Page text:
Address: 1A Fullers Parade, Fullers Road, South Woodford, London E18 2BF
Email: [email protected]
Phone: 020 3245 1800
Mediation is a form of Alternative Dispute Resolution (ADR). Mediation is a consensual process and it is the participants (or parties) to the mediation that have the power to control the final outcome. The aim is to find a resolution to the dispute without having to proceed in a formal way, such as proceeding to a court of law.
The process is confidential and ‘without prejudice’ which means that nobody outside the mediation room should know about the discussions that have taken place, and this applies whether or not a resolution is reached. Furthermore, a court of law or tribunal is not entitled to hear about any discussion that has taken place within a mediation, including any offers to settle by either party.
The resolutions available to parties to a mediation are wide and so there is a potential for a “win-win” outcome as opposed to proceeding to court where there is usually a winner and a loser. Mediation also avoids the costs of proceeding legally and also takes away the risk of losing a case after substantial expense on legal fees.
Typically, a mediation session will start with both parties in one room, although a mediation can take place and be successful even if neither party sees the other for the duration of the process. The process usually lasts up to a day at a mutual venue and location. Much of the mediation takes place with each party sitting in separate rooms to each other with the mediator moving from room to room to advance the process.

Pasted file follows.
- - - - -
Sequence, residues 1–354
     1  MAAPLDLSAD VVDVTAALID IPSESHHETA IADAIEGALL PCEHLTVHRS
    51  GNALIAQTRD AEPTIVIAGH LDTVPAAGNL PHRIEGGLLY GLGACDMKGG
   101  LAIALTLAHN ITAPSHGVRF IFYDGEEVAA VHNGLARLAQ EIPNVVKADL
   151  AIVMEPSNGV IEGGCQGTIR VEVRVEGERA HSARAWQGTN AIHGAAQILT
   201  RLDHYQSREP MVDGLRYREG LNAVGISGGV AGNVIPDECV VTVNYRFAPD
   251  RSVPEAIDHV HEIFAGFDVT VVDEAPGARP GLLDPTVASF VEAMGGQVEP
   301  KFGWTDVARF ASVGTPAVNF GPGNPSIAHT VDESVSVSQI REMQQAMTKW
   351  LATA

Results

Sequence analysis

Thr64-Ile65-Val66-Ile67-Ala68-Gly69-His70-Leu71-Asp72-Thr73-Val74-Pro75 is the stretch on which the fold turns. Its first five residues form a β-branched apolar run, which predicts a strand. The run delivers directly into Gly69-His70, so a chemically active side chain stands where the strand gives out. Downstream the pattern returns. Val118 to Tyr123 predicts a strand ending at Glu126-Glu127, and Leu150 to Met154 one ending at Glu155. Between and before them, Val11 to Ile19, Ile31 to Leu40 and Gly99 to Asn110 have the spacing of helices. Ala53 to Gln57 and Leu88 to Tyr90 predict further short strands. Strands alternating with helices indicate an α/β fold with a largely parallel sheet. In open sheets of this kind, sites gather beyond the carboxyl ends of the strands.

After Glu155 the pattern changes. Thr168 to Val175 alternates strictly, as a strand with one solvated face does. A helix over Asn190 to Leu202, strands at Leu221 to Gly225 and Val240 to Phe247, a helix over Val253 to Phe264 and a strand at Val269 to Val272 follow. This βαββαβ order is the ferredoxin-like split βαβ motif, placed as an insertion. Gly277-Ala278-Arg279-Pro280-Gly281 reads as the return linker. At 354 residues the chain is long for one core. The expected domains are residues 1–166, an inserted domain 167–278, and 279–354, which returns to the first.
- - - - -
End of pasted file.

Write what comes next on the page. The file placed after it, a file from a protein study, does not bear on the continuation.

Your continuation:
The mediator is not there to decide legal issues but to facilitate an outcome that both parties will agree to. The mediator will use various skills and techniques such as listening, open and closed questioning and reality testing. Above all, the mediator must remain impartial.
If an agreement is reached, this is concluded by a document which is known as a “settlement agreement” which is signed by both parties. It should be noted that, although it has the same name, it is not the same as a settlement agreement that is commonly used to settle employment law claims (see our page on settlement agreements regarding this).
Mediation can take place before or during legal proceedings or in situations where legal proceedings are not even contemplated.
We provide a mediation service for all areas of law and all areas of dispute. Although we specialise in employment law, as a mediator does not form a judgment or make any formal decisions, it is not necessary for him or her to have an in-depth knowledge of the law.
If you are interested in using our service, we can contact the other party to see whether mediation is of interest to them. If both parties wish to proceed, then a mediation agreement will be sent for them to sign and return. We will then arrange a venue. Essential documents are agreed between both parties and sent to us in advance of the mediation in order for us to have an understanding of the dispute. Both parties will then arrive at the agreed venue on the given day and mediation will begin.
Please contact us on the above number if mediation is of interest to you. We will be delighted to help.